Speed Reads

Russian election meddling

Kremlin trolls 'uncorked' champagne after helping Trump win, Senate Intelligence Committee reports

The Senate Intelligence Committee released its second volume on 2016 election interference Tuesday, and the Republican-led panel bluntly concluded that Russia "sought to influence the 2016 U.S. presidential election by harming Hillary Clinton's chances of success and supporting Donald Trump at the direction of the Kremlin." The Kremlin-directed Internet Research Agency's (IRA) "social media activity was overtly and almost invariably supportive of then-candidate Trump to the detriment of Secretary Clinton's campaign," the report added.

That conclusion matches the findings of U.S. intelligence agencies and former Special Counsel Robert Mueller's investigation, but President Trump has downplayed Russia's role and embraced a conspiracy theory that Ukraine, not Russia, meddled in the election to help Clinton. "Russia's targeting of the 2016 U.S. presidential election was part of a broader, sophisticated, and ongoing information warfare campaign," the committee added, and it was "a vastly more complex and strategic assault on the United States than was initially understood."

Messages obtained by the Senate Intelligence Committee showed IRA operatives celebrating Trump's victory. After the elction, one operative wrote, "We uncorked a tiny bottle of champagne ... took one gulp each and looked into each other's eyes. .... We uttered almost in unison: 'We made America great.'"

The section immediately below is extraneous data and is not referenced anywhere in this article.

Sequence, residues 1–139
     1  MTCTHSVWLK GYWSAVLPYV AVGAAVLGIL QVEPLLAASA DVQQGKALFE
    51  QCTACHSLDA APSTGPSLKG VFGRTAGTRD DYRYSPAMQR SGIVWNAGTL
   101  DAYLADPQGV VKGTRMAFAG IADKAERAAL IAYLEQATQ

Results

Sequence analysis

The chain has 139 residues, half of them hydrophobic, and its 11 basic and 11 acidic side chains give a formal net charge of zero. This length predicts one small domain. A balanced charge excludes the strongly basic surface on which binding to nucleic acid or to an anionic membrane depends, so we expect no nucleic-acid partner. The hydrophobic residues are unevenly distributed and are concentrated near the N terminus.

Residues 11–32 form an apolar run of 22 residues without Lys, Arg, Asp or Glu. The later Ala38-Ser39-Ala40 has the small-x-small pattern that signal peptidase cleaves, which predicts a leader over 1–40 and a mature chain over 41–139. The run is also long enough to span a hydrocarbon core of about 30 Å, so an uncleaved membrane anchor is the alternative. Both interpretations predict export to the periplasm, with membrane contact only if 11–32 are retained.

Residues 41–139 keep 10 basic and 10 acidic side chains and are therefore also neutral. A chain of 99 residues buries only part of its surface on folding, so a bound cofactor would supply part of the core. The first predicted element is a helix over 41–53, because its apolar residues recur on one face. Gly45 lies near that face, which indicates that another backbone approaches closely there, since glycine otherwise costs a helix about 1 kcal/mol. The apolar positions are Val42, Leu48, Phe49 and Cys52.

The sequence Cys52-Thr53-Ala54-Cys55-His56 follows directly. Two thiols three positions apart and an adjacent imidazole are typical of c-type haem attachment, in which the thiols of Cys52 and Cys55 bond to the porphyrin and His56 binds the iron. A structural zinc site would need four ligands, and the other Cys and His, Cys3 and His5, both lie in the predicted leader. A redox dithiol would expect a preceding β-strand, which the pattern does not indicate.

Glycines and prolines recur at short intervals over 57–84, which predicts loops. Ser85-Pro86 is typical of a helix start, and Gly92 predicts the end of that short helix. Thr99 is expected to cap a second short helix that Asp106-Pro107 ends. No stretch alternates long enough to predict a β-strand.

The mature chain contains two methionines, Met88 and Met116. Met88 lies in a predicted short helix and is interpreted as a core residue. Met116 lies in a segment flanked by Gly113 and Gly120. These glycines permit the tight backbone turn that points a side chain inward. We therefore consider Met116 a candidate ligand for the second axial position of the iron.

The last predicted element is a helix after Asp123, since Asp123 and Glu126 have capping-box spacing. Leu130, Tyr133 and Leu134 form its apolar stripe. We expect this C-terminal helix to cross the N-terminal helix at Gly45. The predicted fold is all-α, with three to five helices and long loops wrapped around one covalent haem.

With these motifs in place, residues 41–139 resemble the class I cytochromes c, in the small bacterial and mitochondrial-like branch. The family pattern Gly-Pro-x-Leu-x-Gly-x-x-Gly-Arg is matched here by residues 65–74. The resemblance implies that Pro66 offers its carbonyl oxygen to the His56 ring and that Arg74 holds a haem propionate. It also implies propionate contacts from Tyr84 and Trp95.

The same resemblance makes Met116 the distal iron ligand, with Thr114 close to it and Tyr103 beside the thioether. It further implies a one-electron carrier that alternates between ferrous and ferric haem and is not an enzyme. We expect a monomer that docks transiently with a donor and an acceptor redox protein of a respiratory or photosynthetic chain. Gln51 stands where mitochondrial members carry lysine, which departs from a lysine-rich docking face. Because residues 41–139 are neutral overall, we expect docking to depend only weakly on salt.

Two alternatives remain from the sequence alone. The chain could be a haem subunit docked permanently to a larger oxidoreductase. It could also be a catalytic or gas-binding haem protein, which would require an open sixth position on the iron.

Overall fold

The Kremlin's social media operation, which began in 2014 and also hit Trump's GOP primary rivals, targeted black voters more than any other group, before and after the election. "Russia is waging an information warfare campaign against the U.S. that didn't start and didn't end with the 2016 election," Committee Chairman Richard Burr (R-N.C.) said. "Their goal is broader: to sow societal discord and erode public confidence in the machinery of government."

The report recommends that Congress require stricter disclosure of ad buyers, presses social media companies to share information about foreign disinformation among themselves, and asks the White House to publicly and forcefully warn about foreign interference in the 2020 election and develop a plan to deter future attacks. White House spokesman Judd Deere said the administration has made election security a priority.